The soul is, on the one hand, something that a human being risks in battle and loses in death. On the other hand, it is what at the time of death departs from the person's limbs and travels to the underworld, where it has a more or less pitiful afterlife as a shade or image of the deceased person. It has been suggested for instance, by Snell19 that what is referred to as soul in either case is in fact thought of as one and the same thing, something that a person can risk and lose and that, after death, endures as a shade in the underworld.
We had postponed the decision as long as possible, but when we reached Kandy city the decision had to be made! We decided to go, and then the follow-up question was: Go to which ancient city — Anuradhapura or Polonnaruwa?
We asked our fellow travellers at the hotel we stayed at in Kandy. Most of them recommended Polonnaruwa, the reason being that even though it is smaller in scale, the ruins and temples are within a much more compact area, and they are in better condition.
So with that decision taken, we headed north-east to Polonnaruwa! After a 5-hour car ride including a walk up Lion Rock Sigiriya from Kandy, we finally reached Polonnaruwa. We arrived in the evening, so it was dark and we came through a road that did not go near the ruins of the Ancient City.
We drove through thick jungle, with just the rare light from a house or a shop piercing the darkness, so it felt like being in the middle of nowhere! Had we made the right decision choosing Polonnaruwa over Anuradhapura?
We had not pre-booked any accommodation, so we had to drive around until we finally found a hotel — Seyara Holiday Resort. The owner made us feel very welcome, and Ancient things felt like home straight away! The next morning, after a lovely breakfast at the hotel, we took at tuk-tuk into town where we rented bicycles and headed out on the dusty roads through the Ancient City Polonnaruwa.
The history of Polonnaruwa Polonnaruwa was the thriving commercial and religious centre of Sri Lanka some years ago. It consists of a lot of temples and religious buildings. For three centuries it was the royal capital, of both the Chola and Sinhalese kingdoms. Their reasons were apparently that is was a strategically better place to be protected from attacks from the Ruhunu Sinhalese kingdom in the south-east, and that it had fewer mosquitos!!!
And it was during this Sinhalese period that Polonnaruwa reached its high glory. In the early 13th century the cities glory was fading, it was abandoned, and the capital moved to the western side of the island where Colombo is today.
That was the sad end of the era of beautiful Polonnaruwa as a capital. Top 10 must-sees in the Ancient City of Polonnaruwa Before we went into the ruins of the Ancient City, we visited the Archaeological Museum next to the ticket office. The museum is designed for walking through, with a series of interconnected rooms each dedicated to a particular theme.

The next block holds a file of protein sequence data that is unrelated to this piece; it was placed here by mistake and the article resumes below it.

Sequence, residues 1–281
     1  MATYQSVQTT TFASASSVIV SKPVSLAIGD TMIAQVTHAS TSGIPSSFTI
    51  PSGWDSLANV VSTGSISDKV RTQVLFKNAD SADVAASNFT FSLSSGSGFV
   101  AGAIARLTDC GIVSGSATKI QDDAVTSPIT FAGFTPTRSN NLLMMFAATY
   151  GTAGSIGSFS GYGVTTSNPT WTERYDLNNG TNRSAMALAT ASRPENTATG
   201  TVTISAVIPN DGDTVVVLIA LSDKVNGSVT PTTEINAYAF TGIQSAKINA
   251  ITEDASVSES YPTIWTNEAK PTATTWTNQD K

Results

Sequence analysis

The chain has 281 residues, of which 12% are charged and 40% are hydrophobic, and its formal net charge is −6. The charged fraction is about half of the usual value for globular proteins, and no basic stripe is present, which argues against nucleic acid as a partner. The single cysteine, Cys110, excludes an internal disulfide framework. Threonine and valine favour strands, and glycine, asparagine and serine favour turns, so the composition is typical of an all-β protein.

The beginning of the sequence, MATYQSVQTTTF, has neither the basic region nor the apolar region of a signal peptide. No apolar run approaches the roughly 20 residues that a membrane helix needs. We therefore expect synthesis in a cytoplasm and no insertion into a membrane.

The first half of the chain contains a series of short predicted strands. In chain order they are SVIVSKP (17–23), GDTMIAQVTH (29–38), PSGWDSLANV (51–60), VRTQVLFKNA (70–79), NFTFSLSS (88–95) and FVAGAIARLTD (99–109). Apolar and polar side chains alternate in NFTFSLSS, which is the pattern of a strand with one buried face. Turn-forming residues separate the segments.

They also had scale models of the buildings and temples of the city, showing how they might have looked like in their glory days with the wooden roofs still intact. It is much better to see the ruins and temples in real life than on pictures and models at the museum!
Here are our top sights of the Ancient City Polonnaruwa: This group of buildings dates from the period of King Parakramabahu I — Even today it is quite an impressive building, but picture it being seven floors tall with 3 m thick walls, as the archaeologists claim it once was!
Today only some of the walls are left, with holes to hold floor beams for two higher levels. If the building had four more levels above these stone walls, the archaeologists speculate that they must have been made of wood.
Impressive building such a big palace in those days without machines! The ruins of the Royal Palace. Each elephant is in a different position and looks different from the other. Beautiful stone carved elephants on the walls of the Audience Hall.
It was incredible warm this day, especially around noon, so I had to buy me a lovely hat. Today the water is not very tempting to go swimming in, alien-green as it is!
Sacred Quadrangle The Sacred Quadrangle is a compact group of beautiful and impressive ruins within a raised up platform bounded by a wall. This is the most concentrated collection of buildings in the whole Ancient City, and a must-see for any visitor!
The Vatadage, 18 m in diameter. The Vatadage has four entrances, each guarded by a beautiful stone figure. The four entrances all lead to a central dagaba with four Buddhas. The central dagaba inside the Vatadage, with four Buddhas. This is one of few Hindu temples on the grounds. Me cycling from Shiva Devale No.Things You Should Know About Ancient Egypt [Jane Walker] on initiativeblog.com *FREE* shipping on qualifying offers.
Presents a collection of facts about society, culture and daily life in ancient Egypt, and offers quizzes and instructions for making related projects. Plan your holiday in Ireland's Ancient East and experience the magic of must-see attractions, like Glendalough, Newgrange and Clonmacnoise.
initiativeblog.com is an Ancient Egyptian resource center. We have been online for over 8 years and continue to bring our readers new content! We bring Egypt information in a way that’s innovative and informative, yet we strive to ensure the experience here is pleasant.
Along with King Tut, perhaps no figure is more famously associated with ancient Egypt than Cleopatra VII. But while she was born in Alexandria, Cleopatra was actually part of a long line of Greek. This website serves as a portal for the subject of liminal entities in Ancient Egypt from its earliest times (Predynastic) to the Byzantine.
The word “demon” is used here to refer to any helpful or hostile being that does not belong to the Ancient Egyptian categories of major god, human, or animal.
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